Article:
Sunday, 3 March 2013

Poland I: The Middle Ages

As you would expect from such a great European nation, Poland has a long musical history and one that often shows a full-blooded engagement with the Western European mainstream - in spite of the country's prolonged periods of  foreign occupation from the East.

Poland's decision to embrace the Western Catholic Church rather than the Eastern Orthodox Church in the late 10th century is probably the crucial factor here. It opened the Poles to all manner of Western influences.

Gregorian chant came to Poland and became its dominant musical form for several centuries. (You can hear a programme - with examples - about plainchant in medieval Poland here). 

A tune from that time that has not only survived but thrived in Polish culture ever since is Gaude mater Polonia ('Rejoice, Mother Poland'), written for the beatification of the martyr St. Stanislaus of Szczepanów in 1253. It's been an important piece for Poles for centuries. It was used at royal coronations and weddings and after Polish victories in battle. What you will usually hear nowadays though is an elaboration of the hymn as a lovely four-part choral song composed in the 19th century by Teofil Klonowski. The work is still regularly heard throughout Poland (and beyond), especially in universities and on national holidays. I will admit to having some difficulties matching this up with the plainchant Gaude mater Polonia. (I am -officially! - confused over this point.) Please click on the links and see if you can reconcile them.

Even earlier (it seems) than Gaude mater Polonia and even more significant for Poles is Bogurodzica ('Mother of God'). This monophonic hymn - the first known hymn in the Polish language - was used to accompany coronations and inspire the armies of Poland in battle. Just how old it is and why is was originally written remains a mystery. It dates from somewhere between the 10th century and the 13th century, which is about an imprecise a dating as you will ever get in music.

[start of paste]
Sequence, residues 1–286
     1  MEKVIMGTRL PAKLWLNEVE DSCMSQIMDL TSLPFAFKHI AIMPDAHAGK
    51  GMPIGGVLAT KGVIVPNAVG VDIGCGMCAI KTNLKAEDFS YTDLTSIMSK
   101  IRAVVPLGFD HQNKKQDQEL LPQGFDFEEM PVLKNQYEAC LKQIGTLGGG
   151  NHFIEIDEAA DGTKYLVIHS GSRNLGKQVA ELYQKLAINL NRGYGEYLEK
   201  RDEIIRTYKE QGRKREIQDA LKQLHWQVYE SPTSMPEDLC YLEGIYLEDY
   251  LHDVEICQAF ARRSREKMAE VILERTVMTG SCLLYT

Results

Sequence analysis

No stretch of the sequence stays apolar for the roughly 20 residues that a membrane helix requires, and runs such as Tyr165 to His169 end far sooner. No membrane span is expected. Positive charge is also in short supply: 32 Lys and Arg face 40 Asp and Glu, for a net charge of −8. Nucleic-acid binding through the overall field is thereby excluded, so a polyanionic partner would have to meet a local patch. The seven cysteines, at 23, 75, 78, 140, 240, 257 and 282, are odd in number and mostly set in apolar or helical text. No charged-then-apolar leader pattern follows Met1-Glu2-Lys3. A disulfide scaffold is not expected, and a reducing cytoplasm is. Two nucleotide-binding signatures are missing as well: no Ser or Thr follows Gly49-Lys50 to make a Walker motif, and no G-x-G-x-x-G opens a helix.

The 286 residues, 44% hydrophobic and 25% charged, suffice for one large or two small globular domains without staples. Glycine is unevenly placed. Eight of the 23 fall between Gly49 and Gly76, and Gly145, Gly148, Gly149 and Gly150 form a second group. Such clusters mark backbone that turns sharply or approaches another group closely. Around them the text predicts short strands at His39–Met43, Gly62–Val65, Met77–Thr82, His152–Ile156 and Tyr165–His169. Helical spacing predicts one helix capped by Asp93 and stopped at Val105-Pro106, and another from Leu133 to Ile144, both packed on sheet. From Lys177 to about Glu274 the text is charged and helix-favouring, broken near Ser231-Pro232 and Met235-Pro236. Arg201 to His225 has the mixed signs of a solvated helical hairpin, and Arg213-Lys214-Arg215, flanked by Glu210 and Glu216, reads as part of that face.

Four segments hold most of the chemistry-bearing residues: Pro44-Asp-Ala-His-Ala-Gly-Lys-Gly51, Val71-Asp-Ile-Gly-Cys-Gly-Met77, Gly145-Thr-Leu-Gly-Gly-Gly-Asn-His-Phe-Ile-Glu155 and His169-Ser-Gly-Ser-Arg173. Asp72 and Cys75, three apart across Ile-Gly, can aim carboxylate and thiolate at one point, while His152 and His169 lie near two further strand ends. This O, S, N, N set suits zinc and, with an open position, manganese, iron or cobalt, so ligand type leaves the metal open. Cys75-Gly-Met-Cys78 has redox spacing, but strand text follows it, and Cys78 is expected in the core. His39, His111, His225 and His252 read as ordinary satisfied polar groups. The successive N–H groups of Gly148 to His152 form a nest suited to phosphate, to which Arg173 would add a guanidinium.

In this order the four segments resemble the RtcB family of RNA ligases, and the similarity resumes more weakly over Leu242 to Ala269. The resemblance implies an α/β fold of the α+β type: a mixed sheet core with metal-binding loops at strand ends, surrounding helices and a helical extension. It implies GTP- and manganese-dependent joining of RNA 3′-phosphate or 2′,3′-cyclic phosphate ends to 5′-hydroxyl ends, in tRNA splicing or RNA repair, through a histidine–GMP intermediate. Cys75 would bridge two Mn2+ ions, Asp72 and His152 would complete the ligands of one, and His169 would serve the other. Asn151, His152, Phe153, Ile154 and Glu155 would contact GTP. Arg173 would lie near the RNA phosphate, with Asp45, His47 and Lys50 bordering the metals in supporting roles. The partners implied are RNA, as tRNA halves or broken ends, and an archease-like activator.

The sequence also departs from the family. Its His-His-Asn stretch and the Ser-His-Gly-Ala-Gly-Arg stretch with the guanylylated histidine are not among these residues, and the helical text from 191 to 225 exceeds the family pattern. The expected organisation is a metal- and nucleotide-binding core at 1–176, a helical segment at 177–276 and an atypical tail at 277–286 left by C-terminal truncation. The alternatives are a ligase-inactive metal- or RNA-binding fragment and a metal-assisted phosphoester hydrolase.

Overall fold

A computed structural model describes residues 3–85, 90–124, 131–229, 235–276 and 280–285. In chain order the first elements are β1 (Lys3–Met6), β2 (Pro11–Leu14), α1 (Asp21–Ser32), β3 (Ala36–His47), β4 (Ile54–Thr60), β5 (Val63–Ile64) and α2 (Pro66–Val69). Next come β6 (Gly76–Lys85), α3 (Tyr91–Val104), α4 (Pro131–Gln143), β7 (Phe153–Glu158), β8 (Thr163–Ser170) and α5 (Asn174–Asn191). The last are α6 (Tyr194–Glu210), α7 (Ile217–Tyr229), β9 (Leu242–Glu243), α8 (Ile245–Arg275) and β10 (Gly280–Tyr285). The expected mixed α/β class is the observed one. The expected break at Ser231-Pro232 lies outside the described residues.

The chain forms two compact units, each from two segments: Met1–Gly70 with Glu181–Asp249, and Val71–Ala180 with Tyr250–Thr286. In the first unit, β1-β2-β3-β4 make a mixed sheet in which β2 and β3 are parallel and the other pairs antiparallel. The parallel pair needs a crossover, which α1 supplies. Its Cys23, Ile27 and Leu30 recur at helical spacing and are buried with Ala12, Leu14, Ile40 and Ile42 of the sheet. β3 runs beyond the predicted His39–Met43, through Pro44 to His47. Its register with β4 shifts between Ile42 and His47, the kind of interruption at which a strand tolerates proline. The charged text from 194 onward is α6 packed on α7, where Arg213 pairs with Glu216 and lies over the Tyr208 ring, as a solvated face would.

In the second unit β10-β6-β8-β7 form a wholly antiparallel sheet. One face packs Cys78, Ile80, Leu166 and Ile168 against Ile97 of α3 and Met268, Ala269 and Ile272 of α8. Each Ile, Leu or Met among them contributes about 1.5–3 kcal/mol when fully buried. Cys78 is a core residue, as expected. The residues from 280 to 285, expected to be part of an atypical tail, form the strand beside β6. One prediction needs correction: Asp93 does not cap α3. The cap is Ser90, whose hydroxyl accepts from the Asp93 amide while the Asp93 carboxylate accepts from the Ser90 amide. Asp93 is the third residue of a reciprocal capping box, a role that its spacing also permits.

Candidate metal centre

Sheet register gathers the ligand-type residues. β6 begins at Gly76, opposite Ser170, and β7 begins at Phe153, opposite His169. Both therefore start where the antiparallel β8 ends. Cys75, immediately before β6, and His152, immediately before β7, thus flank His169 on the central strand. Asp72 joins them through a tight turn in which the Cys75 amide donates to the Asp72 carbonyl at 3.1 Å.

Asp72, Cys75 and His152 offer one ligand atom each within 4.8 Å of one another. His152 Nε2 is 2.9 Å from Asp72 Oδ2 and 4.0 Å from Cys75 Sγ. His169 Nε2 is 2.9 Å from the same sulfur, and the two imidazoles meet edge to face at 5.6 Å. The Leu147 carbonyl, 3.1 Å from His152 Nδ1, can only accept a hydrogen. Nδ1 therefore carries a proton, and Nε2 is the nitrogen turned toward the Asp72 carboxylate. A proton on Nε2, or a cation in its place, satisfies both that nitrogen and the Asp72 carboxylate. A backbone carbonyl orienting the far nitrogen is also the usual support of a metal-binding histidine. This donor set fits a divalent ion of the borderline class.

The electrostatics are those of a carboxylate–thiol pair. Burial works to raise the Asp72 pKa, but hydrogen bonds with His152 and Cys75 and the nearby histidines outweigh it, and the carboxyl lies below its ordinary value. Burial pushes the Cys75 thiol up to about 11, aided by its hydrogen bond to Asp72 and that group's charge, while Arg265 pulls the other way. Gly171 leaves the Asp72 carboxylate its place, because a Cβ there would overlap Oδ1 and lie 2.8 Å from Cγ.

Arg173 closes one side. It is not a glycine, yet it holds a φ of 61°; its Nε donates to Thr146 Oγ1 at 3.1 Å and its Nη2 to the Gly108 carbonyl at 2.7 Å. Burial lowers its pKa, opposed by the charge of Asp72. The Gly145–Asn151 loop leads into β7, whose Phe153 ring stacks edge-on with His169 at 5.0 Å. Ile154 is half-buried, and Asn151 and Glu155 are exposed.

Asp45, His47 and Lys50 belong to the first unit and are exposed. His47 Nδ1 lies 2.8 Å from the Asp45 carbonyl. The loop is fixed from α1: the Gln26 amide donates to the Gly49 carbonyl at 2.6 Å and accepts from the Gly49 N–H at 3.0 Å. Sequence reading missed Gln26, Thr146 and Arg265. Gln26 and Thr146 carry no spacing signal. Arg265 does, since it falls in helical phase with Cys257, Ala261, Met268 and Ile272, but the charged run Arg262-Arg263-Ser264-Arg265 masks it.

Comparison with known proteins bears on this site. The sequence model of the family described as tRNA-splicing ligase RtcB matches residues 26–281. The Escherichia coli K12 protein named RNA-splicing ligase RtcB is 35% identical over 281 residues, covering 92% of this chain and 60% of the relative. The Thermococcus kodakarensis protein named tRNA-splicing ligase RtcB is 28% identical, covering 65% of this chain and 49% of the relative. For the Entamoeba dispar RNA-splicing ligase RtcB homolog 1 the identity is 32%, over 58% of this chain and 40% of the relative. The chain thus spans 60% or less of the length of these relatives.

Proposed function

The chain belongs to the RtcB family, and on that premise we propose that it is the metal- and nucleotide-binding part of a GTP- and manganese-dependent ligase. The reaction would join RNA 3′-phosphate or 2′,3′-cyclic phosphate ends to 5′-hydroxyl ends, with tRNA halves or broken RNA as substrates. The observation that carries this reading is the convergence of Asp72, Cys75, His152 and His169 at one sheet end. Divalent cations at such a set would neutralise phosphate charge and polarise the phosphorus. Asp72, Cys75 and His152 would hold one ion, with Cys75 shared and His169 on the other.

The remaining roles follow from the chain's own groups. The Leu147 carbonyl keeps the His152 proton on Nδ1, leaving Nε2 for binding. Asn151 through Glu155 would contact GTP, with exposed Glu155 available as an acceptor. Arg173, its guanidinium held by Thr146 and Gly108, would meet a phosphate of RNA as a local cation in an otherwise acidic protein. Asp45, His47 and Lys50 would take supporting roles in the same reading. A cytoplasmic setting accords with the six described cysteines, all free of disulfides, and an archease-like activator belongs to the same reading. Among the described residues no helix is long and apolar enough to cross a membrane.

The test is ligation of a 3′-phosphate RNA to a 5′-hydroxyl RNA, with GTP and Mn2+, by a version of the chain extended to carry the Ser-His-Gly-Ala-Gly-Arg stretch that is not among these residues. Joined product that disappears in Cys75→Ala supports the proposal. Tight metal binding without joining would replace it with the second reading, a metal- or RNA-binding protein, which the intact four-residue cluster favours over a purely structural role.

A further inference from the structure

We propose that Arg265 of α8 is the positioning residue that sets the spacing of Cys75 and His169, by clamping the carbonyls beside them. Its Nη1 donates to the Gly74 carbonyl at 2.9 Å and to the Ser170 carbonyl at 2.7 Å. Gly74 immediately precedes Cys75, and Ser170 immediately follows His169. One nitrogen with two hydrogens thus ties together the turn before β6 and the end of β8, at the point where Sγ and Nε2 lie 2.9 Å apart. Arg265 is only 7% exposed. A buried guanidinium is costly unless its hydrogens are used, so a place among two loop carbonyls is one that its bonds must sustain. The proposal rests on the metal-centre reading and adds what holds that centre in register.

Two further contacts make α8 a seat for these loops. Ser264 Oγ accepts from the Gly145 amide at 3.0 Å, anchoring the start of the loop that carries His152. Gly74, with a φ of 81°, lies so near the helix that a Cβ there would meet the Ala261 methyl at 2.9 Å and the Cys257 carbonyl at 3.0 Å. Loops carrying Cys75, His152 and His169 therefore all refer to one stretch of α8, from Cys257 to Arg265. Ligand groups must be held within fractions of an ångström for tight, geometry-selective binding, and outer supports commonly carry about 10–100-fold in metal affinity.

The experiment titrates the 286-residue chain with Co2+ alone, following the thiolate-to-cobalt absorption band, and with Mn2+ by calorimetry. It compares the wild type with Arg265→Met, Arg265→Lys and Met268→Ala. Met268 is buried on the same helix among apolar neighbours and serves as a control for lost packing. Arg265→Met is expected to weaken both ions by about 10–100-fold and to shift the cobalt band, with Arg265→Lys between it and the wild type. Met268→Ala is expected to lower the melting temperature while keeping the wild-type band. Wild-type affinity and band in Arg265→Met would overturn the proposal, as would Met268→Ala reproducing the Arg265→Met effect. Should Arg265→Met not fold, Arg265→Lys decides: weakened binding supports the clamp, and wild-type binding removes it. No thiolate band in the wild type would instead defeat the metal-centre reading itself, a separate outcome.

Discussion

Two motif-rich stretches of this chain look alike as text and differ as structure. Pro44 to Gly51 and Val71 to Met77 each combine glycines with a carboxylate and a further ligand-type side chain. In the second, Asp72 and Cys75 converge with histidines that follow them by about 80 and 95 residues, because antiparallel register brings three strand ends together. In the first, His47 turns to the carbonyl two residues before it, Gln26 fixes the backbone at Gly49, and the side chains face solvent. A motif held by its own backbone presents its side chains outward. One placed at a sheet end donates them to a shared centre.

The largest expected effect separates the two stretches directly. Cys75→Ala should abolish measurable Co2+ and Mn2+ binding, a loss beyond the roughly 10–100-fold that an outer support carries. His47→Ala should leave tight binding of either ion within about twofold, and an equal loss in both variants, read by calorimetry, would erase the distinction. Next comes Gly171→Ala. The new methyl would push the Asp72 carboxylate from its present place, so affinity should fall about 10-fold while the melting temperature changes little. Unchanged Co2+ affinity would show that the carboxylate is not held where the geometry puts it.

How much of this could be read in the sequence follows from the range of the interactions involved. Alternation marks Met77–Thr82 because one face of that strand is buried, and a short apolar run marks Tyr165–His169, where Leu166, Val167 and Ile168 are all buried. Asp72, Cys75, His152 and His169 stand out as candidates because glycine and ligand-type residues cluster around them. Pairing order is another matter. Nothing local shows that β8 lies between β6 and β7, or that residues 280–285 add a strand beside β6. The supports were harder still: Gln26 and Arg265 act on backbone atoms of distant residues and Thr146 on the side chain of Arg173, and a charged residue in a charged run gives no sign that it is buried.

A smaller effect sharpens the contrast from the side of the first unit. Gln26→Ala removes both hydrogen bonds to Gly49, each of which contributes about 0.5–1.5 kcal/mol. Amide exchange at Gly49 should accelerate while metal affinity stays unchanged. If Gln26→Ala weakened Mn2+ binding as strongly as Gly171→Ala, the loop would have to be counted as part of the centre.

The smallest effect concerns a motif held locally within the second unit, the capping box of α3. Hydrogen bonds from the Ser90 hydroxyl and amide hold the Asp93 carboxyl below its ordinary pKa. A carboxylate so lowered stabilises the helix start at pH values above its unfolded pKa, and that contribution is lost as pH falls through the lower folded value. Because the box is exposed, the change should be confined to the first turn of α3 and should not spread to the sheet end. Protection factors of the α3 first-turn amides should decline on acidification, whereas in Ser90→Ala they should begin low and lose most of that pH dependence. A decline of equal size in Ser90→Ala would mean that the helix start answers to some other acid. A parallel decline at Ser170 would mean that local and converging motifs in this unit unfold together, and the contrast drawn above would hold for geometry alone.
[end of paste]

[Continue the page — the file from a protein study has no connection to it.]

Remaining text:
Bogurodzica still retains its power to stir the Polish spirit - and not just the Polish spirit. If you've never heard it before, you must try Panufnik's glorious Sinfonia Sacra. It is built on Bogurodzica and it always stirs my spirit.

Musicians came from the West to Poland throughout this period but the first significant Pole to stand out as an individual composer was Mikolaj z Radomia, whose career reached its peak around the 1420s. His music sounds very much of its age - the age coinciding with the early works of Dufay - thus proving the extent of Western European influence on Polish medieval music. Not much is known about the man behind the music. The music, however, is very pleasing.

Mikołaj's Magnificat shows his style at its simplest. You have two notated lines (the top and bottom ones), but a third (middle) voice is added by means of fauxbourden - that technique of harmonisation from Burgundy where the added voice sings in parallel to the upper voice (usually a fourth below). Moving on to one of his settings of the Gloria you will immediately hear that Mikołaj could also write imitatively and, as the same piece proceeds, you will also hear the effects of another late medieval technique, that of hocket - the process whereby lines passed rapidly between voices, aided by rests, resulting in a hiccoughing effect. A setting of the Credo also begins imitatively but this time continues (at least at times) in what's know as the conductus style - the technique where the upper voices tend to sing together and there's much more note-for-note writing. Mikołaj is giving us a one-man guide to some of the main features of medieval music! 

Other Mikolaj z Radomia pieces you might want to give a try include another Gloria, this one giving the treble (upper voice) the dominant part. Plus there's a delightful Alleluia (in a performance with instruments).

Poland's Renaissance was approaching...and with it a number of other stand-out composers. 

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